Explaining the popularity of Duterte and Marcos
When Pulse Asia released its latest approval rating for our top political leaders based on interviews with 1,200 randomly selected respondents across the country between March 15 and 19, the partisan reaction was excruciatingly predictable.
On one hand, impresarios and diehard supporters of the House of Duterte and House of Marcos were ecstatic. Their leaders’ apparent popularity, per the survey, was taken as an unquestionable reaffirmation of their unshakable belief in the magical powers of their patrons.
Meanwhile, some supporters of the opposition reverted to a familiar playbook: shooting the messenger! Per tradition, “False Asia” began to trend anew on Twitter, the one social media platform that is not dominated by far-right influencers, who tend to be wit-shy. A familiar coterie of intellectual charlatans leaned on their art of nitpicking to expose supposed flaws in either the survey design or the very integrity of the polling agency.
Right off the bat, let me make this crystal clear, dear readers: Both sides are wrong.
To begin with, baselessly questioning the integrity of authoritative survey agencies such as Pulse Asia, which is led and staffed by folks of utmost professionalism, is deeply unethical. Mind you, mindless attacks on credible institutions—in favor of dodgy “analytics”—constitutes its own form of disinformation.
To understand the apparent popularity of President Marcos and Vice President Sara Duterte, there are three data sets and factors to keep in mind. First of all, a cursory look at the Social Weather Stations’ surveys in the post-dictatorship shows that all Filipino presidents, with the notable exception of Gloria Macapagal Arroyo, had extremely high net satisfaction ratings in their first year in office. In fact, the late President Fidel Ramos, arguably our most competent by our admittedly humble standards, started at close to +70 net satisfaction rating.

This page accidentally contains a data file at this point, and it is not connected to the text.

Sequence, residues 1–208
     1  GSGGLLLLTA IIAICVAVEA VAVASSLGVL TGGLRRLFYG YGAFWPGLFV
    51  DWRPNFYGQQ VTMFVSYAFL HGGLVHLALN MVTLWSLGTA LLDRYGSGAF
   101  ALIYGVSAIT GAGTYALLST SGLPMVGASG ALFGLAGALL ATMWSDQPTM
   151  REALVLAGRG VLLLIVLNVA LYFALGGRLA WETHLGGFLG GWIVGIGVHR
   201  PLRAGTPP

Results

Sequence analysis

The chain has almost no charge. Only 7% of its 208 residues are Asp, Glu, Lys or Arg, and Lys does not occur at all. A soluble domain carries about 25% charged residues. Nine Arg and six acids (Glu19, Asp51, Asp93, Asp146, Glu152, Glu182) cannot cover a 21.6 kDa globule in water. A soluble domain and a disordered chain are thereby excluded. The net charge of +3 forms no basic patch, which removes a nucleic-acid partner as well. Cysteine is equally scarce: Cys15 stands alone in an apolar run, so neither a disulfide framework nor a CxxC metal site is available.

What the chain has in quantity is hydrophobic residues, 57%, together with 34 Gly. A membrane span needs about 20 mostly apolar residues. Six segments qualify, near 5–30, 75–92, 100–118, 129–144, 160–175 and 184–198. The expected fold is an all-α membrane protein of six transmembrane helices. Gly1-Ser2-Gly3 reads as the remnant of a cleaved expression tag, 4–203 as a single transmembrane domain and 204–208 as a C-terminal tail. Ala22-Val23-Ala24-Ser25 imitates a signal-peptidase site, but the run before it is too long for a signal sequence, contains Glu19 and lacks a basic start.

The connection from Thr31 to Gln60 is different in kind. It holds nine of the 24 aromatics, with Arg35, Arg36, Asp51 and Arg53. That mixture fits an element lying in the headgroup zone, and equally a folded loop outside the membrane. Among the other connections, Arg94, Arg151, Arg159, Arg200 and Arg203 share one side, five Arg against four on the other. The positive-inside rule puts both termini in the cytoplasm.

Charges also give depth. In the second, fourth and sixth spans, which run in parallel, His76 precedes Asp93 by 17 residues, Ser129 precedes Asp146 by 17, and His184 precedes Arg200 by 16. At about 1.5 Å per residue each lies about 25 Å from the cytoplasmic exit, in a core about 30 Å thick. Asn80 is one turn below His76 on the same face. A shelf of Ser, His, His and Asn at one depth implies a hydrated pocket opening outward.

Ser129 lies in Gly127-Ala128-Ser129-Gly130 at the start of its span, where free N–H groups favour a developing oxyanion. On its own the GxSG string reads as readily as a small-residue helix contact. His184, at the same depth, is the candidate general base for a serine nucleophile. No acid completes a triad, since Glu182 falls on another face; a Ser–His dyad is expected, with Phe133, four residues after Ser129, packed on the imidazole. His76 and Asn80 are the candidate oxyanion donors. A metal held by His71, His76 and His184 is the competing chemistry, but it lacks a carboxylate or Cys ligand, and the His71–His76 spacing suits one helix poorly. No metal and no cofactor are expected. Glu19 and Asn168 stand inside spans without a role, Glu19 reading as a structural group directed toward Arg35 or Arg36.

Second, the popularity of both House of Marcos and House of Duterte reflects a more fundamental structural reality, namely widespread dissatisfaction with our broken democratic institutions, which failed to uplift the vast number of Filipino people out of destitution three decades after the fall of a kleptocratic dictatorship.
After all, how on earth can we call ours a democratic system when up to 90 percent of legislative offices are dominated by political dynasties, while 40 richest families have been gobbling up the bulk of newly created growth in recent memory? Not even Latin American nations have such a comprehensive oligarchic system! Mind you: the concentration of power in the hands of dynasties was even exacerbated during reformist presidencies, with close to 80 percent of congressional seats in the hands of few families by the mid-2010s.
No wonder then, all reputable global surveys show that only a minority of Filipinos are fully committed to liberal democratic politics. To put things into perspective: A 2017 Pew Research Center survey, confirming an earlier World Values Survey in the early-2010s, showed that more than eight out of 10 Filipinos were either supportive of or open to an authoritarian system. In 2020, another Pew Survey showed that almost half of Filipino respondents said “most elected officials do not care” about the welfare of ordinary citizens.
The political scientist Adele Webb described this phenomenon as “democratic ambivalence.” I described it earlier as nothing less than “democracy fatigue,” even if we never truly had a democracy. In short, our oligarchs gave a bad name to democracy.
And this brings us to the third factor: The return of what German sociologist Max Weber described as “charismatic” leadership, namely political figures who are, in the eyes of their diehard supporters, “endowed with supernatural, superhuman, or at least specifically exceptional powers or qualities.” By all accounts, both Mr. Marcos and Duterte are primarily charismatic leaders, thus beneficiaries of what can be best described as “asymmetrical accountability”: When things go wrong, it’s always the fault of their underlings or institutions under their watch, but when things go right, the credit goes to the charismatic leader. The concept of command responsibility is nonexistent. It’s all about faith in political will.
This partly explains why our top two leaders enjoy extremely high approval ratings even if all reputable surveys show low confidence in either the presidential Cabinet or, more specifically, the Department of Education, which is run by the Vice President. In Philippine politics, subjective charisma trumps objective competence.